The Bolivian government is planning to invest $450 million in large-scale production of lithium carbonate and potassium carbonate, Morales aide and former mining minister Luis Alberto Echazu told Spanish news agency Efe last week. His announcement came just a few days after Bolivian President Evo Morales and South Korean President Lee Myung-Bak signed an agreement to jointly develop a lithium mine and infrastructure for processing and refining.
Lithium—as lithium carbonate—is the key component in rechargeable batteries that power electric devices, including electric and hybrid vehicles, while potassium carbonate is mostly used in fertilizers. As automakers and governments alike pursue alternatives to fossil fuels, they are likely to become increasingly dependent on mineral reserves such as lithium. For Bolivia, which is the poorest country in South America but possesses half of all proven lithium deposits on Earth, this could very well bring about an economic transformation.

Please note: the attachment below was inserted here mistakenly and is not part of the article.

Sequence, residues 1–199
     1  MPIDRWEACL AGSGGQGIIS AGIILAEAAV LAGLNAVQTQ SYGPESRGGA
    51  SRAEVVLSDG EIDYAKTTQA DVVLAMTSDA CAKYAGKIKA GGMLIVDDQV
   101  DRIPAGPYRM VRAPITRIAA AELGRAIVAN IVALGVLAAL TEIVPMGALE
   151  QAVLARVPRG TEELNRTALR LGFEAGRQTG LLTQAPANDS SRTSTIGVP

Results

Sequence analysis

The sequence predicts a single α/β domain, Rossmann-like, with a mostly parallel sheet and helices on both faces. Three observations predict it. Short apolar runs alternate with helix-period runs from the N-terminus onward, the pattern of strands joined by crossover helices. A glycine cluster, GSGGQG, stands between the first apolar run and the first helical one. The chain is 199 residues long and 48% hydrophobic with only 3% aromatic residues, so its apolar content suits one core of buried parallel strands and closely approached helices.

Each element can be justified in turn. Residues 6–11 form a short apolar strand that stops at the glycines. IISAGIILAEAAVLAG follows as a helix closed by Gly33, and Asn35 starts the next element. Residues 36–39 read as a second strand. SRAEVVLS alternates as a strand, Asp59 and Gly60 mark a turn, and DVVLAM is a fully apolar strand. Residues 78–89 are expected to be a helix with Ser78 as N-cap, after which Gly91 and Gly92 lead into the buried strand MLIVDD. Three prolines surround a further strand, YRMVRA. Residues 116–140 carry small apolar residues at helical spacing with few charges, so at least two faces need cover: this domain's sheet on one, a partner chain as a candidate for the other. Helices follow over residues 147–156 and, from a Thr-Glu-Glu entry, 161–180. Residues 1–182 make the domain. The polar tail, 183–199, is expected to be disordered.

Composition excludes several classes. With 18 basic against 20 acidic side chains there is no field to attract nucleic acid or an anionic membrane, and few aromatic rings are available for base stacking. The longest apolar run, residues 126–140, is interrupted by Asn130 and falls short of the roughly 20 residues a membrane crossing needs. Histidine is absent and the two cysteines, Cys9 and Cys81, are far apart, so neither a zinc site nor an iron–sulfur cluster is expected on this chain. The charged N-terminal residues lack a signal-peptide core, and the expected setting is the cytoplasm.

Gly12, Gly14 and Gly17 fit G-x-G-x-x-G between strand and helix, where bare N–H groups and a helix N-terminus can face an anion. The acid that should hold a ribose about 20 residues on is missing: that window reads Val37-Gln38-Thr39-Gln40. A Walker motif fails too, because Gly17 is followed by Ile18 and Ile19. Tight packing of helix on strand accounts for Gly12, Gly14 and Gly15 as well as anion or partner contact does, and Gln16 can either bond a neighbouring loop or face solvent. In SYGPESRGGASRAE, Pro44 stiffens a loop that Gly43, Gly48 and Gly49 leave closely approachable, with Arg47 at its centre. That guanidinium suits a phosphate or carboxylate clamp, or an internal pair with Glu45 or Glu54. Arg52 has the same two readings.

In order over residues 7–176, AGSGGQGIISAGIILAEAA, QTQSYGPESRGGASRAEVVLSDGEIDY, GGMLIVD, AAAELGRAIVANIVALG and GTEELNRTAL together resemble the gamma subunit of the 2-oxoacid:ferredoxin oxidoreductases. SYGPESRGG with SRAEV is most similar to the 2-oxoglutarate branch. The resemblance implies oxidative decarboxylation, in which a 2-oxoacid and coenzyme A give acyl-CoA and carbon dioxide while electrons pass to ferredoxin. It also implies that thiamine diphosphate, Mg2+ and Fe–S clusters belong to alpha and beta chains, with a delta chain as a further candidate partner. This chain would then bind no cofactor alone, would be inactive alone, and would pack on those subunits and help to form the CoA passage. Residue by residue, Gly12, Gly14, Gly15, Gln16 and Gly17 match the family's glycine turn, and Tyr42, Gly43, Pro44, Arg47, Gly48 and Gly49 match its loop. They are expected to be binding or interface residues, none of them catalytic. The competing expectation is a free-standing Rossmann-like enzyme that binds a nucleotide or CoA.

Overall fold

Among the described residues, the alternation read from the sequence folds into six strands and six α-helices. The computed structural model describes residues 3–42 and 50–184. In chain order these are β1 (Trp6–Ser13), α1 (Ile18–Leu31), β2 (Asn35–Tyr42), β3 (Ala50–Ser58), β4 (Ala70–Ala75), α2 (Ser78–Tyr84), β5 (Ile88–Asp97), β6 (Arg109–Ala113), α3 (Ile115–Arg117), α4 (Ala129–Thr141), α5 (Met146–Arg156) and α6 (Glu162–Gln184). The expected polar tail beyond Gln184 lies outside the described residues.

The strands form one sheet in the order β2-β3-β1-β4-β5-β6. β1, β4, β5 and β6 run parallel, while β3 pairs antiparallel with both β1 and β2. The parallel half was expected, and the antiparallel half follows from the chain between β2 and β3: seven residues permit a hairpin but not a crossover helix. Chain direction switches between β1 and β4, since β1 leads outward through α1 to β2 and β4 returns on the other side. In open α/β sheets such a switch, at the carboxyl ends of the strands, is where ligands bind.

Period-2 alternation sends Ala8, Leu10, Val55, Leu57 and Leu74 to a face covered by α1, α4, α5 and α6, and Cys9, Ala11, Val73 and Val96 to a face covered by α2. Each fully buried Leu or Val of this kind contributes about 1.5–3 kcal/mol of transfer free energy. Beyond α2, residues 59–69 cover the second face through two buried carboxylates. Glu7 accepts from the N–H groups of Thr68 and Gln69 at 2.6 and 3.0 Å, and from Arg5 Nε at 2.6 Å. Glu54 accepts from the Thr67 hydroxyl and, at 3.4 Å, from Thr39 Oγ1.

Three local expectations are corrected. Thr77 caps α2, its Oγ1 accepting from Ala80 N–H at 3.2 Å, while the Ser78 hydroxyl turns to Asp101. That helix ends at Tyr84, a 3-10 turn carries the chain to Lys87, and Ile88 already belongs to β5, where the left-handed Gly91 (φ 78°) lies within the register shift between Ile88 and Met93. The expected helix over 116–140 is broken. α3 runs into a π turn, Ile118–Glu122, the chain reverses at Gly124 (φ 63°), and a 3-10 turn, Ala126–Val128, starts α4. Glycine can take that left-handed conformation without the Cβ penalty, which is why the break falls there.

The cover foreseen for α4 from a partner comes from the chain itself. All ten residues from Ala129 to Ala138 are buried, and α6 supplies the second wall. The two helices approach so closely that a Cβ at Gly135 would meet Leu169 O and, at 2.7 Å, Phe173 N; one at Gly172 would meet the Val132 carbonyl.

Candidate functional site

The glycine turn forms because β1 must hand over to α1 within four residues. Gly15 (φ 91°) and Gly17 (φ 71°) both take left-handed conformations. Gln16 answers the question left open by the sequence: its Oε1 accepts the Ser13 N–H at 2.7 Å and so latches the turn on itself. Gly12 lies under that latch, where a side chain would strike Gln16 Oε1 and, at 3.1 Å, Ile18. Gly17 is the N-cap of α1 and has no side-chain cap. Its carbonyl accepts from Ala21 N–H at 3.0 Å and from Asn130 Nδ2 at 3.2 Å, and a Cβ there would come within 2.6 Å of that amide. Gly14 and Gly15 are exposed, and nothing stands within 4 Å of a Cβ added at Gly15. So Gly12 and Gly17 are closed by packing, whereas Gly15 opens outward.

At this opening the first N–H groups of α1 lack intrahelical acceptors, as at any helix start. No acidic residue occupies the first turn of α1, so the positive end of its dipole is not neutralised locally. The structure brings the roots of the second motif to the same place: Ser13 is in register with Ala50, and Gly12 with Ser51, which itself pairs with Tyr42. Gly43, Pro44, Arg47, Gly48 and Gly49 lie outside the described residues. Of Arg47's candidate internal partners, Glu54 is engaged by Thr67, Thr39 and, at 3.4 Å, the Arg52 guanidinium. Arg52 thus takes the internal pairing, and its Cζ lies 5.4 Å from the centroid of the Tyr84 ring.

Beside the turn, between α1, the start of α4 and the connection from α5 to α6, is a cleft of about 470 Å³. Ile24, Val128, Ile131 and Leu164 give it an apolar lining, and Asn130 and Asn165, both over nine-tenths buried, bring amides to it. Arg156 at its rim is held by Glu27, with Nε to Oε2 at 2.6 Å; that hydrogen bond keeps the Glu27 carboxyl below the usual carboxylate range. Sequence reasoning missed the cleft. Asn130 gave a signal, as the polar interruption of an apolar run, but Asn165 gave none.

The Morales administration says some 100 million tons of lithium lie under the Uyuni Salt Flats in southwest Bolivia. Other estimates, such as one by the U.S. Geological Survey, suggest that the reserves number merely 5.4 million tons. Regardless, electric car manufacturers could draw on the reserves for decades to come. Companies from across Asia and Europe are eager to partner with the Bolivian government to secure access to the reserves.
Echazu, the head of the evaporitic resources office of the COMIBOL state mining corporation, said he expects to have the $450 million in funds by 2011. In the meantime, a pilot plant will be launched to produce 1,000 tons of potassium carbonate per month and 40 tons of lithium carbonate per month. The office’s ultimate goals for annual production of these resources are 700,000 tons and 30,000 tons, respectively.